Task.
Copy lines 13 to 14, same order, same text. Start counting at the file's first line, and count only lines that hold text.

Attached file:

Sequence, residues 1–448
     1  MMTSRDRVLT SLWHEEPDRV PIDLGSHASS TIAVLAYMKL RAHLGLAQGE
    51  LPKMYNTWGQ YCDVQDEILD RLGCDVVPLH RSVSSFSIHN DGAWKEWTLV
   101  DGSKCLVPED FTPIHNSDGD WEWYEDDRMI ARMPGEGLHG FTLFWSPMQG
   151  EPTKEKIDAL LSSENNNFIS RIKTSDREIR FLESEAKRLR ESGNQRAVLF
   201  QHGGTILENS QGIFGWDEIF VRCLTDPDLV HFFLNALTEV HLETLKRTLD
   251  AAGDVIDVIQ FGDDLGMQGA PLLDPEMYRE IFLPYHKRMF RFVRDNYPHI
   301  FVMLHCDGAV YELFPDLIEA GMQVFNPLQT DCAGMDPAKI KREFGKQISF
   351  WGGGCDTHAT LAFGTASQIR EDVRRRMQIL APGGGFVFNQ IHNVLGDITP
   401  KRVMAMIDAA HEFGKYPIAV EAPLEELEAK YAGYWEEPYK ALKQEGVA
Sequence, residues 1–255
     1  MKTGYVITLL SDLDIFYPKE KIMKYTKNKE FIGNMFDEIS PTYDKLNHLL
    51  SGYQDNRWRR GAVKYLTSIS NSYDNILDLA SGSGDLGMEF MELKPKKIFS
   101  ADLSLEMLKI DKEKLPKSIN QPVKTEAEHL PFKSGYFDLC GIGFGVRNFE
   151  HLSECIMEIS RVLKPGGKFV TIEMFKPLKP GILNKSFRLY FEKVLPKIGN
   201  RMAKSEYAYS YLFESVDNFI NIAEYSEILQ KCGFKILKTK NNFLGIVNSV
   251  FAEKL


    51  SGYQDNRWRR GAVKYLTSIS NSYDNILDLA SGSGDLGMEF MELKPKKIFS
   101  ADLSLEMLKI DKEKLPKSIN QPVKTEAEHL PFKSGYFDLC GIGFGVRNFE